Daylilies forum: Do late seeds produce late seedling?

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caitlinsgarden
Sep 9, 2013 8:17 AM CST
I haven't been growing out seeds lately, but I have a couple nice bee pods on Catherine Elizabeth (a late) this year. Do you think they would produce late seedlings?
Name: Ed Burton
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EdBurton
Sep 9, 2013 8:33 AM CST
That's a very good question.
I've bloomed thousands of seedlings and I've seen it go both ways, mostly earlier
The latest opening daylily I have is Ruffled Strawberry Parfait, and it's so late that unless I get the tail end of something in bloom, I have to use frozen pollen.
All the kids so far have bloomed weeks earlier than RSP, but the pollen is also from earlier openers.
I would like to hear from others on this
Ed Burton
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caitlinsgarden
Sep 9, 2013 11:04 AM CST
Well a bee pod would be produced from two that bloom at the same time. (Probably Frans Hals going by number of plants in my garden!) I think Jim Murphy has a lot of lates that were hybridized by the daylilies left to bloom after a flood wiped away a good part of the garden earlier in the year.
Name: Kayleigh
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HoosierHarvester
Sep 9, 2013 2:11 PM CST
I think this is an interesting question. Hopefully other hybridizers will give their input. I only have two or three late bloomers; one that I exceptionally like. I had save pollen from an early bloomer and made the cross. I ended up with two seedlings. One is a late bloomer, and the other, I'd say mid-season. The late bloomer was the pod parent. Just based on this *one* for instance, my guess would be you would probably end up with late blooming plants.
Name: Vickie
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blue23rose
Sep 10, 2013 5:05 AM CST
I would like to get more late daylilies so this year I let some of my bee pollinated late daylilies go to seed. Not sure exactly what I'm doing, but I am going to give it a try.
Vickie
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Name: Cynthia (Cindy)
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Hemlady
Sep 10, 2013 5:06 AM CST
I would guess that it all depends on genetics. I agree that they could go either way.
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Name: Fred Manning
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spunky1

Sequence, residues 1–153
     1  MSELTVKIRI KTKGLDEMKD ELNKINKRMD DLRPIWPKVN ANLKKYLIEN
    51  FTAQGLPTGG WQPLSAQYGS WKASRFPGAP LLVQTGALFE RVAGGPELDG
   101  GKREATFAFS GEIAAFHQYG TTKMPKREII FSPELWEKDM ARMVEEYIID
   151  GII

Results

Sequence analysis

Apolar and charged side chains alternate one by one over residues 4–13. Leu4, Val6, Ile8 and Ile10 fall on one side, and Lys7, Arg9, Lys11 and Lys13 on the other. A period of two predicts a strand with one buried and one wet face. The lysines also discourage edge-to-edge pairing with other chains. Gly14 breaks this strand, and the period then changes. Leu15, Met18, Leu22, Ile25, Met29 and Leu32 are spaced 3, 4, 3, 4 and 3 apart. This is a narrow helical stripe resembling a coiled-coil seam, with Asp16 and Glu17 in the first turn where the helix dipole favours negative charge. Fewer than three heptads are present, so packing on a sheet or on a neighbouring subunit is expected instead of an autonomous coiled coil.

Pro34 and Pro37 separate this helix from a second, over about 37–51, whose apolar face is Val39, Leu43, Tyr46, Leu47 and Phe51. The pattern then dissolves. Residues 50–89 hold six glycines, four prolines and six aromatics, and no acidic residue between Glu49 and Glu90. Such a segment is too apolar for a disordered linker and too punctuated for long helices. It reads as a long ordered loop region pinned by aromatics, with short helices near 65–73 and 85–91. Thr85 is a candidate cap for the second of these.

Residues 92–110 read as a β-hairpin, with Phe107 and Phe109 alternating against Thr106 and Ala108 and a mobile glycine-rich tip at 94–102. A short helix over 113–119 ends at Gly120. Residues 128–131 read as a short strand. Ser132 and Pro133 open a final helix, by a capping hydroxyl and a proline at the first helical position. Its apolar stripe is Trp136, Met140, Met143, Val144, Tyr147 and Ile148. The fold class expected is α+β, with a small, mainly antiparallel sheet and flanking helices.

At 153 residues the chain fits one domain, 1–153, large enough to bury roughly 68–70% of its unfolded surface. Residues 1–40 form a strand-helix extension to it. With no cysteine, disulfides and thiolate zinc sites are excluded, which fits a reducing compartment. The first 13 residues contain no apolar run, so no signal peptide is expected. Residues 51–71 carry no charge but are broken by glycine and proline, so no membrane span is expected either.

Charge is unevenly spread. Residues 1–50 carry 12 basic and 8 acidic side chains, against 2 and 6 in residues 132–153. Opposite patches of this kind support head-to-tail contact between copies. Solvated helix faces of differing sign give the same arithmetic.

Sep 10, 2013 5:30 AM CST
When messing with two daylilies your working with ten generation's, so its crap shoot, the seedlings could bloom at any time.
Name: Jan
Hustisford, WI
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philljm
Sep 10, 2013 7:09 AM CST
I have a seedling from 2 EM's (Pumpkin Flame X Dance Bojangles Dance) that have produced a muddy pink with gold - but VL seedling. This is a poor photo- the midribs are yellow and there is also a yellow edge. In fact, I noticed it opened another bloom today. This is not a rebloom, these are the first blooms from this 2 year old seedling.

Thumb of 2013-09-10/philljm/ea7fcd

I think genetics has more influence than when the pod was formed ~Jan


caitlinsgarden
Sep 10, 2013 7:20 AM CST
Genetics, right. But the Lates and VL have the genetics for being late, right? I could look up the parents of all the lates I have available in my garden.

caitlinsgarden
Sep 10, 2013 7:36 AM CST
I am checking into genealogy at Tinkers. All 3 of my Elizabeth sisters (Carmine, Catherine, and Scarlet) have Sandra Elizabeth X SE as parents. Sandra Elizabeth has no parents listed. On to children of Sandra Elizabeth - 20. A lot of lates and very lates. Some not, but I am planning to check out the bloom season of the crosses. Not done researching yet, but one thing that jumps out at me are the Lates by Hibbard have Sandra Elizabeth in their history.
Name: Maurice
Grey County, Ontario (Zone 4b)
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admmad
Sep 10, 2013 8:23 AM CST
On average, if you cross two late-flowering daylilies and grow a number of their seedlings the average flowering time of the group will be earlier than their parents. If you cross two early-flowering daylilies and grow a number of their seedlings the average flowering time of the group will be later than their parents. Early for this is defined as flowering before the average date and late means flowering after the average date of the population of all daylilies.